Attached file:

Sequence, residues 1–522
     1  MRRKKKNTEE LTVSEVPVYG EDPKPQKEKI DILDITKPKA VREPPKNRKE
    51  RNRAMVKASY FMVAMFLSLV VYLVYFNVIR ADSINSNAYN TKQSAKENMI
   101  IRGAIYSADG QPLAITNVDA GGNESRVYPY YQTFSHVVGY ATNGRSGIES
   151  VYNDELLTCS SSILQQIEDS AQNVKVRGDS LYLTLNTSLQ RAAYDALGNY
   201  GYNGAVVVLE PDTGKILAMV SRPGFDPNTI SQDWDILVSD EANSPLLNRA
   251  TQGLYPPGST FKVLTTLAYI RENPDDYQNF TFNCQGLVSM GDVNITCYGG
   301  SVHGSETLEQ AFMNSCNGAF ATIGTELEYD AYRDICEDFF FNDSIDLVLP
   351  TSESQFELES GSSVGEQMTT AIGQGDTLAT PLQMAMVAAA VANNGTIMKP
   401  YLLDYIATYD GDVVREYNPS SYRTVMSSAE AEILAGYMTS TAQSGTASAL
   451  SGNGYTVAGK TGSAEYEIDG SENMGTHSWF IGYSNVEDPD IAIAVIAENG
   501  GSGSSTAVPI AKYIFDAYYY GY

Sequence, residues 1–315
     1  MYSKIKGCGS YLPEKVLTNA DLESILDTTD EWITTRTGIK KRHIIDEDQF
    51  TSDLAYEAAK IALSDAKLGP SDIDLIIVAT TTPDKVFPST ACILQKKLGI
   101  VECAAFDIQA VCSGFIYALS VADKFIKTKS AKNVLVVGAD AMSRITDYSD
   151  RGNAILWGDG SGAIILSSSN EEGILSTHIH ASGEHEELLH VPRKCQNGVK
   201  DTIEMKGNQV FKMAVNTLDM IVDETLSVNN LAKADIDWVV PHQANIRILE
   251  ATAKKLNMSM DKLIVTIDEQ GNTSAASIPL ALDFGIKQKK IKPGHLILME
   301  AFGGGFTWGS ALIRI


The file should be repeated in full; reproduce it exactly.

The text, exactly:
Sequence, residues 1–522
     1  MRRKKKNTEE LTVSEVPVYG EDPKPQKEKI DILDITKPKA VREPPKNRKE
    51  RNRAMVKASY FMVAMFLSLV VYLVYFNVIR ADSINSNAYN TKQSAKENMI
   101  IRGAIYSADG QPLAITNVDA GGNESRVYPY YQTFSHVVGY ATNGRSGIES
   151  VYNDELLTCS SSILQQIEDS AQNVKVRGDS LYLTLNTSLQ RAAYDALGNY
   201  GYNGAVVVLE PDTGKILAMV SRPGFDPNTI SQDWDILVSD EANSPLLNRA
   251  TQGLYPPGST FKVLTTLAYI RENPDDYQNF TFNCQGLVSM GDVNITCYGG
   301  SVHGSETLEQ AFMNSCNGAF ATIGTELEYD AYRDICEDFF FNDSIDLVLP
   351  TSESQFELES GSSVGEQMTT AIGQGDTLAT PLQMAMVAAA VANNGTIMKP
   401  YLLDYIATYD GDVVREYNPS SYRTVMSSAE AEILAGYMTS TAQSGTASAL
   451  SGNGYTVAGK TGSAEYEIDG SENMGTHSWF IGYSNVEDPD IAIAVIAENG
   501  GSGSSTAVPI AKYIFDAYYY GY

Sequence, residues 1–315
     1  MYSKIKGCGS YLPEKVLTNA DLESILDTTD EWITTRTGIK KRHIIDEDQF
    51  TSDLAYEAAK IALSDAKLGP SDIDLIIVAT TTPDKVFPST ACILQKKLGI
   101  VECAAFDIQA VCSGFIYALS VADKFIKTKS AKNVLVVGAD AMSRITDYSD
   151  RGNAILWGDG SGAIILSSSN EEGILSTHIH ASGEHEELLH VPRKCQNGVK
   201  DTIEMKGNQV FKMAVNTLDM IVDETLSVNN LAKADIDWVV PHQANIRILE
   251  ATAKKLNMSM DKLIVTIDEQ GNTSAASIPL ALDFGIKQKK IKPGHLILME
   301  AFGGGFTWGS ALIRI